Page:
Be sure to arrive promptly, and try to get to the hospital a few minutes before you are scheduled to arrive.
It is a good idea to have mapped out your route to the hospital, anticipating traffic or other delays which might make you late. It also is important to know the right location in the hospital to check in. Hospitals can be large and have confusing floorplans. Most hospitals have greeting areas with hospital representatives who will direct you to the right place.
Family members are usually allowed to stay with you and meet the anesthesiologist and surgical team. When you are ready for your surgery, your family will be directed to a waiting area.
Once your surgical team is ready, you will be taken to the operating room where your anesthesiologist will begin administering general anesthesia.
Being put under general anesthesia is a serious but necessary part of your operation. Be sure to inform your anesthesiologist of any previous complications or concerns you have about undergoing general anesthesia.
Once you are in the operating room, you will be put to sleep with medication administered by an anesthesiologist using a small IV.
Multiple IV lines will be required for surgery, a breathing tube will help you breathe while you’re asleep, and a catheter will be placed in your bladder to remove any urine.
The catheter will still be in place when you wake up after surgery.
IN THE OPERATING ROOM
Knowing who will be in the operating room (OR) with you before arriving at the hospital can help put your mind at ease. In addition to your cardiothoracic surgeon, there likely will be at least five to six other people in the OR including:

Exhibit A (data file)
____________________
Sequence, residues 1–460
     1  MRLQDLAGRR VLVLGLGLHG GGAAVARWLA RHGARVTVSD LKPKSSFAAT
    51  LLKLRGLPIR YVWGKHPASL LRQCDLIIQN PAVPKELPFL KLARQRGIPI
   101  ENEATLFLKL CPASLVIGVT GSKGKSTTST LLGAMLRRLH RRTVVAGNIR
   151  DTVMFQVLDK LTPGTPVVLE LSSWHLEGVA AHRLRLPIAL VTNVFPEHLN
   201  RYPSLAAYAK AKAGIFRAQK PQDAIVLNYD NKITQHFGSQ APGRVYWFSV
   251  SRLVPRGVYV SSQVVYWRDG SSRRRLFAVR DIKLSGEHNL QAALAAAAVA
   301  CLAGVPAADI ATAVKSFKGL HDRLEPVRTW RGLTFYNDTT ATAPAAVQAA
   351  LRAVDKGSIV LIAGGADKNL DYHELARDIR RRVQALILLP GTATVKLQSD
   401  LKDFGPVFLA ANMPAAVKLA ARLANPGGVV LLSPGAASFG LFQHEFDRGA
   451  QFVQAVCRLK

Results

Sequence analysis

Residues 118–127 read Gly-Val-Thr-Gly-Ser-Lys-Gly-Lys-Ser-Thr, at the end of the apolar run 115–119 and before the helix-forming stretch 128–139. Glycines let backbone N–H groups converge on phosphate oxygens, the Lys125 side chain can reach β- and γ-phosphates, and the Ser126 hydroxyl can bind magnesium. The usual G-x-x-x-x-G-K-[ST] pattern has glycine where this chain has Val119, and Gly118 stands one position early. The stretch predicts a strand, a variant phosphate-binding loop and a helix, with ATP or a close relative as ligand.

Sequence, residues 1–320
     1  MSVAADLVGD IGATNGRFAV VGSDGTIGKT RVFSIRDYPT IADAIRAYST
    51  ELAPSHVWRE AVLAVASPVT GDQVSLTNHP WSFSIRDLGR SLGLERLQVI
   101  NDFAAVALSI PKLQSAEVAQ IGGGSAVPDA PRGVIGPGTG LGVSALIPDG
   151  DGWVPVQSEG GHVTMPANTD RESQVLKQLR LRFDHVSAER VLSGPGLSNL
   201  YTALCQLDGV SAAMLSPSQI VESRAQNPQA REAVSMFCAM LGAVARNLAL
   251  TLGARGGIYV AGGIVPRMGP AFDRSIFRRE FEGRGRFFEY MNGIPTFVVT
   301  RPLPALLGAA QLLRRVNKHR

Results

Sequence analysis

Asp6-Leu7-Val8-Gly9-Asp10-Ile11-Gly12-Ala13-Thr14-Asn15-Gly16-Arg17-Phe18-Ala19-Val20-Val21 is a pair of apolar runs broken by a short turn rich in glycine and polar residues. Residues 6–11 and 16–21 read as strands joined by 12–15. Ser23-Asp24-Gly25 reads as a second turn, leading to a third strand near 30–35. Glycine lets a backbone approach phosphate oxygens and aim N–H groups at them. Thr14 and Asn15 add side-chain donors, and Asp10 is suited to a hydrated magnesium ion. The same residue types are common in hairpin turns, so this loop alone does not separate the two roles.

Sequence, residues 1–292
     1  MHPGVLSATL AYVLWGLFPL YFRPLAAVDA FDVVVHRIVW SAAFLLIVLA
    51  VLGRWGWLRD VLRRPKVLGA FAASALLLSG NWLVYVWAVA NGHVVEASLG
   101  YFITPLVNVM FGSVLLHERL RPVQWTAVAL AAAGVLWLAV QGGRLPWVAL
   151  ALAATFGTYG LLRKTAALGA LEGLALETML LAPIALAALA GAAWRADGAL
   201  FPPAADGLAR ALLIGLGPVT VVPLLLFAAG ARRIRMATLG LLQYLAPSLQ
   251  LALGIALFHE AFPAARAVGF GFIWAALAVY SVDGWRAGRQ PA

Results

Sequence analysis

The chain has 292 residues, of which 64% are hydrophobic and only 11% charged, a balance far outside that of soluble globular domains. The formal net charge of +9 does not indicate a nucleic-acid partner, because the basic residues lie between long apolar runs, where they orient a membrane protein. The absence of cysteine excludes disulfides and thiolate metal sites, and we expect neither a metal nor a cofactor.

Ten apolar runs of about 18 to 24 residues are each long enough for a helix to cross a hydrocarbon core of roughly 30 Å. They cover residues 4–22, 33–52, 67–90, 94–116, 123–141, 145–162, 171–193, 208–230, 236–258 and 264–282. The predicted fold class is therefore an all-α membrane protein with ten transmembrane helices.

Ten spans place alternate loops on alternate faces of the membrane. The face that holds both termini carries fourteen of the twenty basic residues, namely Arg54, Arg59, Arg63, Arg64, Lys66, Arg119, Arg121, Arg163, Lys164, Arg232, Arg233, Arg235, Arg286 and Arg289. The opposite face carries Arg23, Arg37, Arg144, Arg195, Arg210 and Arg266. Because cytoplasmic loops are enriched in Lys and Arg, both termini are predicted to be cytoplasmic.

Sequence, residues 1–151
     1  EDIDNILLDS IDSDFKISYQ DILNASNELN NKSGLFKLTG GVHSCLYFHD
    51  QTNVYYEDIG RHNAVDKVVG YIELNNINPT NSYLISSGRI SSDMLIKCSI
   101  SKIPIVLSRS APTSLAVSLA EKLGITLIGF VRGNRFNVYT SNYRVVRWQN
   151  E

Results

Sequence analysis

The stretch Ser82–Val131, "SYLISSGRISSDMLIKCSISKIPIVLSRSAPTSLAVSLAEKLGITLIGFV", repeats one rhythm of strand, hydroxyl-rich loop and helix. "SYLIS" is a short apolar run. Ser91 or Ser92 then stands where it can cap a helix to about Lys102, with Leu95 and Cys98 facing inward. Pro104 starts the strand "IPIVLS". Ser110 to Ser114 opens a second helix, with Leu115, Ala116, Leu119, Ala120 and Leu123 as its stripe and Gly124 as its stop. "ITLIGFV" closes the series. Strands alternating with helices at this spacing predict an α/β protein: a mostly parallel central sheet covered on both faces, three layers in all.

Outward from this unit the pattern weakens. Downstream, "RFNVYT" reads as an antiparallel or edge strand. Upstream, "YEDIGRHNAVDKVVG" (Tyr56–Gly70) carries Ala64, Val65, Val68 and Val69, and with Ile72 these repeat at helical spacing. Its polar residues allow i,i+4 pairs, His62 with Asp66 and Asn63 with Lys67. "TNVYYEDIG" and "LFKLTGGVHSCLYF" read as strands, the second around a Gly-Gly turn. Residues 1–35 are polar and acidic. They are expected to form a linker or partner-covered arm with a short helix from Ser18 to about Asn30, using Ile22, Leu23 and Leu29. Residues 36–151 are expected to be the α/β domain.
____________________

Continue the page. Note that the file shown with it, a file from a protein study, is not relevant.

- Cardiothoracic Surgeon – A medical doctor who specializes in surgical procedures of the heart, lungs, esophagus, and other organs in the chest
- Surgical Assistant – One of your surgeon’s partners, or perhaps a physician assistant or cardiothoracic surgical resident (if your surgery is at a university medical center); helps the main surgeon as needed during the operation
- Nurses – Two or three nurses are usually present; one to handle the surgical instruments and other circulating the room providing supplies
- Anesthesiologist – Monitors your level of anesthesia throughout surgery
- Perfusionist – Runs the heart-lung machine
Your heart specialist or cardiologist also may be in and out of the operating room, doing ultrasounds or echocardiograms of your heart to evaluate the quality of the repair.
Sometimes there may be additional nurses or trainees in the room, so there may be up to 10 or 15 people present during your surgery.
Depending on the exact type of heart surgery you are having, your cardiothoracic surgeon can choose from several different types of incisions.
The most common incision, called a sternotomy, involves a straight cut down the center of your chest. This incision allows the best access to your heart and surrounding structures and blood vessels.
Minimally invasive incisions are shorter and more horizontal than a sternotomy. Before surgery, ask which incision is best for your individual operation.
During the operation, you likely will be placed on a heart-lung machine (on-pump). This machine temporarily takes over the function of your heart and lungs during surgery to maintain blood circulation and oxygen flow through your body. After the surgery, you will be taken off the pump, and your heart and lungs will resume normal function. Some surgeons prefer to perform the surgery without a heart-lung machine (off-pump).
Your cardiothoracic surgeon will tell you the technique that will be used for your individual operation and provide additional details.
After the main part of the surgery is complete, drainage tubes will be placed in your chest and your sternum will be closed with surgical steel wires. These wires will stay in forever. They should not cause any problems and will not set off metal detectors.
Learn more about what to expect After Heart Surgery.
Reviewed by Robbin G. Cohen, MD, MMM